I received a question from a reader who asked, “Can you calculate volatility in Excel?” The answer is, yes you can, but there are a few things you need to know. Without going into too much detail here, there are many ways to calculate volatility. Two of the most common measures are implied and historical (also called realized or statistical) volatility. It is fairly simple to calculate historical volatility in excel, and I will show you how in this post. Calculating implied is quite a bit more complicated. You technically can do it in excel, but you have to impute it from an option price. In addition, there’s actually a volatility surface, or different values of implieds for different strike prices and maturities. That’s a topic for another day; today let’s just look at how to calculate a simple historical volatility in Excel.
1. Collect your raw data, in the form of a closing price for each time period. Many people do not know, but Yahoo Finance is a good source of daily data that can be downloaded into a spreadsheet. (See this example for SPY.) Your data will likely include other data points such as high, low, volume, etc, but just ignore everything except the close.
2. The first step is to convert the prices into a return series. Again, let’s not dig too deeply into the theory in this post, but prices are somewhat arbitrary. Is a $50 price a change a lot? Well, that depends on the price of the asset and how much prices usually change. Converting to returns is nothing more than changing the price series into a series of percentage changes. This is the first step in nearly all quantitative or mathematical market analysis. In Excel, start at the second price from the top in your series (assuming closing prices are in a column with the newest price at the bottom). In the cell to the right of prices, divide the second price by the first and subtract one, as in the pic. Copy this formula down the entire column.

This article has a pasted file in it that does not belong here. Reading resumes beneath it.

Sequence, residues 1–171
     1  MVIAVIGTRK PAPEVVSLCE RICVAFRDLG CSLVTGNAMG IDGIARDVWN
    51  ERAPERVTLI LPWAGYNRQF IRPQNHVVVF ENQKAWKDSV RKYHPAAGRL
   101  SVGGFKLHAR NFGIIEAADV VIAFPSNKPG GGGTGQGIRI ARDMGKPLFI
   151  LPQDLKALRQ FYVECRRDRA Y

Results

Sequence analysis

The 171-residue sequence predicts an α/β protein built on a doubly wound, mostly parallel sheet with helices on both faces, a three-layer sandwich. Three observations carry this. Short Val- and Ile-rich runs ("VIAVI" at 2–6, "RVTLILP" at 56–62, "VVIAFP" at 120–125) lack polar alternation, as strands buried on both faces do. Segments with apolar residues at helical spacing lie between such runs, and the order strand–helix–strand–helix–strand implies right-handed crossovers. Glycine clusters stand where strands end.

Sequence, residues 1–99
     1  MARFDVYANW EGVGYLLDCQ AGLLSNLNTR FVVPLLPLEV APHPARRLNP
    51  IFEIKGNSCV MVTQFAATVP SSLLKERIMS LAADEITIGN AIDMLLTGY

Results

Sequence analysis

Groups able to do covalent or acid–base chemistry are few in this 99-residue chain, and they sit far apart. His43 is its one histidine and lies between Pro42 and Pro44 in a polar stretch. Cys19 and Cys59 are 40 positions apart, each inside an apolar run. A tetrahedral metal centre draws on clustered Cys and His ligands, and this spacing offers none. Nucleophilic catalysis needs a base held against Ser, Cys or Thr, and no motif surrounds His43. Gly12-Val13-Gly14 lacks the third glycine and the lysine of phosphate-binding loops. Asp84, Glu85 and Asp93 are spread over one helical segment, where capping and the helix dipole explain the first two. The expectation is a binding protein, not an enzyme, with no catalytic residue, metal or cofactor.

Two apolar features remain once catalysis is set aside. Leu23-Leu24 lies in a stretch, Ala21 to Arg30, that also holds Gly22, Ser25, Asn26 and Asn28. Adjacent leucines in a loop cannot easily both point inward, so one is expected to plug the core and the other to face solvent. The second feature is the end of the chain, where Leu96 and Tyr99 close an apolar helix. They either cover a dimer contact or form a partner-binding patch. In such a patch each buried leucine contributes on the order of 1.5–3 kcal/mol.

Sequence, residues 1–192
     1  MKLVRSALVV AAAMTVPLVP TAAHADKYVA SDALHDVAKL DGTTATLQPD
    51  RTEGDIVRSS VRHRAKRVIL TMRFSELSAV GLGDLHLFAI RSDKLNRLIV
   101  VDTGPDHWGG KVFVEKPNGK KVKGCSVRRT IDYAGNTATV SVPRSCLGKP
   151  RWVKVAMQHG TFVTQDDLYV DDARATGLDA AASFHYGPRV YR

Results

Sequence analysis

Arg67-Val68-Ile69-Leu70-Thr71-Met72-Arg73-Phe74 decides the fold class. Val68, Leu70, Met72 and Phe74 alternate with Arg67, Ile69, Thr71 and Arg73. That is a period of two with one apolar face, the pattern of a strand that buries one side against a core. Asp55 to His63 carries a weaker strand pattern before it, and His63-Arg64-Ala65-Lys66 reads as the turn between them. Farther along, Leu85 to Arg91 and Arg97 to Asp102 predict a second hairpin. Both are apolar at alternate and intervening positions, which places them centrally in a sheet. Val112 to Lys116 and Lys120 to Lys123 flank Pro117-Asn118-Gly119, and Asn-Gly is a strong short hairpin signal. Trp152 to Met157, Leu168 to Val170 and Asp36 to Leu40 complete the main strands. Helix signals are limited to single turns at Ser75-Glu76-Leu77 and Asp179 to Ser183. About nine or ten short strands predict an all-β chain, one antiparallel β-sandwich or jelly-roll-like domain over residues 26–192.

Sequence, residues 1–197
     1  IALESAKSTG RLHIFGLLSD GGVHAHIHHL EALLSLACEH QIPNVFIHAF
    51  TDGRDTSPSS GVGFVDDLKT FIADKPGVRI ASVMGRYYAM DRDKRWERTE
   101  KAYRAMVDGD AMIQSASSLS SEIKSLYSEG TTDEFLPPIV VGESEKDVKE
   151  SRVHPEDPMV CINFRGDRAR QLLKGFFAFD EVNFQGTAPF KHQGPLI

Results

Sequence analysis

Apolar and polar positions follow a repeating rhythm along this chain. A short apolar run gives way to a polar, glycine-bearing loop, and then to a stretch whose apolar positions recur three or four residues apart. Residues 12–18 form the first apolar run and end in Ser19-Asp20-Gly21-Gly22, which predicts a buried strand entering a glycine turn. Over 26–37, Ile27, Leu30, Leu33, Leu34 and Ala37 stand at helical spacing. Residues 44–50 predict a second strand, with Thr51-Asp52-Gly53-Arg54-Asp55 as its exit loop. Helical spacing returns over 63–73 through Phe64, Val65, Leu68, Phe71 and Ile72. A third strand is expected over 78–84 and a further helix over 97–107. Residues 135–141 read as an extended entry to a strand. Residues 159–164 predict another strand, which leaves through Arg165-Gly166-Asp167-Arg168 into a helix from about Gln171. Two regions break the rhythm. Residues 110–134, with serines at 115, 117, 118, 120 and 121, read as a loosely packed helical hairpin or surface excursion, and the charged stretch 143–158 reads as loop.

3. Next, find the standard deviation of the returns. The formula for standard deviation in Excel is =STDEV(…), and takes a range of prices as an input. In the graphic, I have calculated a 10 day standard deviation of prices, but that is for the illustration only. Set your window to whatever time period you want to evaluate, and, again, copy the formula down. Twenty days is a good starting point if you haven’t done this analysis before.
4. So far, the procedure has been straightforward: calculate a return series, and then calculate the standard deviation of that series. There is one more step, which is perhaps the only part of this that is conceptually a little bit complicated. You have calculated the standard deviation of the returns for whatever the time interval of your data is. If you have daily data, you have calculated a daily standard deviation, and so on for hourly, weekly or any period. Historical volatility is the annualized standard deviation of returns. We must multiple the standard deviation by an annualization factor, which is the square root of how ever many of your periods are in a year. This example is daily data; there are 262 trading days in a year, so we multiply the standard deviation by SQRT(262). If you are using weekly data, the annualization factor is SQRT(52), etc.
This is one example, but a slightly more complex example, with graphs, can be found step by step on the tabs in this spreadsheet. We will consider exactly what this measure of volatility is, what it does, what we can do with it, and, even more importantly, what’s wrong with it in a future post.
Edit: This sheet and article use an annualization factor of 262. There is some debate over what number to use here, but you’ll see it doesn’t really make much of a difference. 252 is probably the most accurate number (and is what I use in my calculations now), but, as long as you’re consistent in your calculations, the actual number doesn’t really matter.